Research, we suggest, is not a technical set of specialist skills but implicit in social action and close to the ways in which we act in everyday life, for we find increasingly that the worlds of academe and social life, theory and practice, work and family are not really so different but constantly interrupt one another, often in complex ways. (Schratz and Walker, 1995, p. 2)
Finding Myself in Research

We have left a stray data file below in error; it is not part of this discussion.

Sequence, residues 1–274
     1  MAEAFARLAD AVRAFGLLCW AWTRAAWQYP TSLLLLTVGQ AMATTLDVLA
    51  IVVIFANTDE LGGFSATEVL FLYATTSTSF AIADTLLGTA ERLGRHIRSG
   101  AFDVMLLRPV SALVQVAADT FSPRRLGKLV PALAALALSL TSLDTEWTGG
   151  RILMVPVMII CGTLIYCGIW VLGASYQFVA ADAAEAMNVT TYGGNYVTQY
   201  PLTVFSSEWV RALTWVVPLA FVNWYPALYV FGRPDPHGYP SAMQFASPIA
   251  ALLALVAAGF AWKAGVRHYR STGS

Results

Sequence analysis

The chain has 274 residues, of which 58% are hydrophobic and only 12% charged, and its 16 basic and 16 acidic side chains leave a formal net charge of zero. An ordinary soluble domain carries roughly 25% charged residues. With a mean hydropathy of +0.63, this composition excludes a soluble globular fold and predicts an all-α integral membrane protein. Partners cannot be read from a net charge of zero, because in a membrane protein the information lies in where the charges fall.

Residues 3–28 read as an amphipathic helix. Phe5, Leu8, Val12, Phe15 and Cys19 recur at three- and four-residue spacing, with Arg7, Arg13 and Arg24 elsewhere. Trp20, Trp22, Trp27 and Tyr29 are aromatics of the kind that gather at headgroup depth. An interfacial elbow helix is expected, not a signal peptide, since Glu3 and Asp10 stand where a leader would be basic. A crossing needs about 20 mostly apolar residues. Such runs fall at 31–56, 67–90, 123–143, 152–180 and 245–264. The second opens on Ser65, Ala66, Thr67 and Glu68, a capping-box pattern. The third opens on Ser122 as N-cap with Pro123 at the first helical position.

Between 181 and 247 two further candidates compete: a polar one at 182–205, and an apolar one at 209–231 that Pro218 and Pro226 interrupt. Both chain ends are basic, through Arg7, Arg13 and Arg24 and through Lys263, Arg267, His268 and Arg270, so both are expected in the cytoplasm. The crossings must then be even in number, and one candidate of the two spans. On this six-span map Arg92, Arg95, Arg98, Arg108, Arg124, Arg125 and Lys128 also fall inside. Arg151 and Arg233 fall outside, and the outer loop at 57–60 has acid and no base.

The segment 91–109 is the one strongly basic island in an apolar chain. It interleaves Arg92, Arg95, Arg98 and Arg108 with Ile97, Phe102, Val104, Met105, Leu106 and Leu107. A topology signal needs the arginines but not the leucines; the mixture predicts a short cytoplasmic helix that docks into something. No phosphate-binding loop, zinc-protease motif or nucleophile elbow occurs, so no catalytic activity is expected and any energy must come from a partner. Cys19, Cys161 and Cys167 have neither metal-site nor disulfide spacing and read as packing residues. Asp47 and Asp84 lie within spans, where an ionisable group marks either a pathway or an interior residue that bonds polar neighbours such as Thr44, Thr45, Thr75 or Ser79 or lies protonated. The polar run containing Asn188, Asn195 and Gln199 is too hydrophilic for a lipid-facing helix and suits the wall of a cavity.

For a long time now I have been bothered by the divide between theory and action, between educational research and practice, and by powerful academic gatekeepers who construct hierarchies to determine what counts as research, and control what counts as educational knowledge. Thus there is a thread running through my research and writing, reaching back to my first encounters over ten years ago with a university-based education faculty and the tensions it generated for me, as a former school teacher, to work there. Why was it that within universities academic discourse seemed to be privileged as the authoritative version/s of educational life? Why was it accepted that specialized discourses restricted access to ideas? Did communities outside the academy not also have cultural resources of value in addressing social inequities?